Gardener Started British Olympic Relay With Broken Wrist

London - Jason Gardener has revealed he ran in Britain’s triumphant 4x100 metres team in Athens while oblivious to the fact he was suffering from a broken right wrist - the very hand used to carry the baton on its first leg to Olympic glory.

Gardener had battled his way to Athens following major groin surgery in March after he secured his world indoor 60m crown but was completely unaware of his fractured wrist.

He told the Daily Telegraph: "The things you do for sport.

"I didn’t know I had broken it at the time, I was just in agonising pain doing the weight training that’s necessary to build up strength as a sprinter.

"But I was so focused, I just gritted my teeth and got on with it.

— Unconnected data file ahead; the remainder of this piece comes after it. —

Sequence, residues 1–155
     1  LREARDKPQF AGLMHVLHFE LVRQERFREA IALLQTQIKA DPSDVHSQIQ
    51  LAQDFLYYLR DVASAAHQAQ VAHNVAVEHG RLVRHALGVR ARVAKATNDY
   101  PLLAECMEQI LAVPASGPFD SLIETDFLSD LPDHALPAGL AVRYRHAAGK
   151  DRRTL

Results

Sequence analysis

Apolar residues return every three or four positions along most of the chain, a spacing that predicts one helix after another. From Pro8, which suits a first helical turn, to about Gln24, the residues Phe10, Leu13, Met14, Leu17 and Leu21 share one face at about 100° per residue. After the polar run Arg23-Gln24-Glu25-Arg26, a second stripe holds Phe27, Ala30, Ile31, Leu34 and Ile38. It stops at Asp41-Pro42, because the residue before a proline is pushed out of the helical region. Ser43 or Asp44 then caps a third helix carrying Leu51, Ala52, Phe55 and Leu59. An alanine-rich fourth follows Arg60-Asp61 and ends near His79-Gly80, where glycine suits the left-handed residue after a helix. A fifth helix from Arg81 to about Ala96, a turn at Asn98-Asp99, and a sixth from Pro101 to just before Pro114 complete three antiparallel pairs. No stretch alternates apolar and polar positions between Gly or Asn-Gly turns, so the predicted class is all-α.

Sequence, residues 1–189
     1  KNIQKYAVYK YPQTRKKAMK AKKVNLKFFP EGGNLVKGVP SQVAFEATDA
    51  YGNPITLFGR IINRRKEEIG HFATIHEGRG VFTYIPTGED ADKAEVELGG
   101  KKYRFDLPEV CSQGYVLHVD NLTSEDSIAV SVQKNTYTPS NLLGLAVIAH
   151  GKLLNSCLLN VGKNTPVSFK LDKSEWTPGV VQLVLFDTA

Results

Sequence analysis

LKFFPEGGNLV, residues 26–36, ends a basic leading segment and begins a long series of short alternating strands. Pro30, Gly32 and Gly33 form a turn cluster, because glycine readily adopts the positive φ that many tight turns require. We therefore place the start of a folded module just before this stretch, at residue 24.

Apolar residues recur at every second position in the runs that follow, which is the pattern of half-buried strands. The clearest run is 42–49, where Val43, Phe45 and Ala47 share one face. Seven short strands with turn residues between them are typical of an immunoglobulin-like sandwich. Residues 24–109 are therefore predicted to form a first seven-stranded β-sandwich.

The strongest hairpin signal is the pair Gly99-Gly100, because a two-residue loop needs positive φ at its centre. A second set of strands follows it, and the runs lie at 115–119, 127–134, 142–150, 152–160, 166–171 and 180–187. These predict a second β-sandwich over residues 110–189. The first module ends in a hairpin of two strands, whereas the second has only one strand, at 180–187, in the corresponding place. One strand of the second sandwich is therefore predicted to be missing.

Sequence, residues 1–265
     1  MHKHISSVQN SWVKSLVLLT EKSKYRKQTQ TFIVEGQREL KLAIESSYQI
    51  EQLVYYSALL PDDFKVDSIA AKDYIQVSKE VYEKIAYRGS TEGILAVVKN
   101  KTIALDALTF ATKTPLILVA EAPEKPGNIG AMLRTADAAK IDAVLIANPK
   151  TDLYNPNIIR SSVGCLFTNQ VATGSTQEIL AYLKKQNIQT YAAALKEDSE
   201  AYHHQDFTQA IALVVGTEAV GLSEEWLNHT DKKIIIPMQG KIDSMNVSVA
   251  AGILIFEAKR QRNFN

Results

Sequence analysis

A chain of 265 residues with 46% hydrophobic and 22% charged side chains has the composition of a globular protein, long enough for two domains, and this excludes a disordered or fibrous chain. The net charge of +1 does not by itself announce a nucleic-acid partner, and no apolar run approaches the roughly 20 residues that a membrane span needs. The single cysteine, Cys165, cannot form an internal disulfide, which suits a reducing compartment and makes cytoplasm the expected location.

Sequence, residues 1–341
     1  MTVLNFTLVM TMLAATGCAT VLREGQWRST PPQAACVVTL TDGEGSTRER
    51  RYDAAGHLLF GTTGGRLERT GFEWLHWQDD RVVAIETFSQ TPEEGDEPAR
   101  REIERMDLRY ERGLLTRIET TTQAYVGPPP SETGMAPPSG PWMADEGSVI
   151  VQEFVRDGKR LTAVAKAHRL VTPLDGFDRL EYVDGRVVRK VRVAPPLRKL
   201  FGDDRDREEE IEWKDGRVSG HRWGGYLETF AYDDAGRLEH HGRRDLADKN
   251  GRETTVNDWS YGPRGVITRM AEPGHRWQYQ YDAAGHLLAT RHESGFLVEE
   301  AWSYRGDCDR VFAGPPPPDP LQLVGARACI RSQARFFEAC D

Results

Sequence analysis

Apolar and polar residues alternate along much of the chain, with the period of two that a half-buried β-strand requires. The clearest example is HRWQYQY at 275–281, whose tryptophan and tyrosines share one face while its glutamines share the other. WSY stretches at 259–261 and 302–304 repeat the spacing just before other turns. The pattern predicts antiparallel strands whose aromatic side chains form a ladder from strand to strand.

"Since the Olympics, scans have shown serious wear and tear in both wrists and a broken scaphoid bone in my right wrist.

“It’s unbelievable to think I carried that baton with a broken wrist.”

The 29-year-old is one of just three British sprinters to have run under 10 seconds for the 100m but it is as an indoor exponent over 60m that he has established himself.

However, he believes it is only now he is reaching his full potential over the longer distance.

He won the Olympic trials ahead of Darren Campbell and Mark Lewis-Francis and then clocked 10.12secs in his semi-final in Athens to record his fastest time for four years - although it was not enough to see him through to the final.

Gardener’s career has been blighted by injury but the double Olympic triumph of Kelly Holmes has inspired and encouraged him.

He said: "Just think what I could achieve without injury - like Kelly Holmes.

"One injury-free year and look what she did.

“Kelly’s achievement (gold in the 800 and 1500m) is a great inspiration.”

PA International for IAAF